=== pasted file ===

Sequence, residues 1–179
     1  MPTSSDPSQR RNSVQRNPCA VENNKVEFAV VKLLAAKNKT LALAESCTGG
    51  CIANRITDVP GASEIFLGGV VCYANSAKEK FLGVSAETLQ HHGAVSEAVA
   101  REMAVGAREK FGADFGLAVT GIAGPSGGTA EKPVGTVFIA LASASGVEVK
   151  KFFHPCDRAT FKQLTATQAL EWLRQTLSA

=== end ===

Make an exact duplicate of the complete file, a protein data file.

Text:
Sequence, residues 1–179
     1  MPTSSDPSQR RNSVQRNPCA VENNKVEFAV VKLLAAKNKT LALAESCTGG
    51  CIANRITDVP GASEIFLGGV VCYANSAKEK FLGVSAETLQ HHGAVSEAVA
   101  REMAVGAREK FGADFGLAVT GIAGPSGGTA EKPVGTVFIA LASASGVEVK
   151  KFFHPCDRAT FKQLTATQAL EWLRQTLSA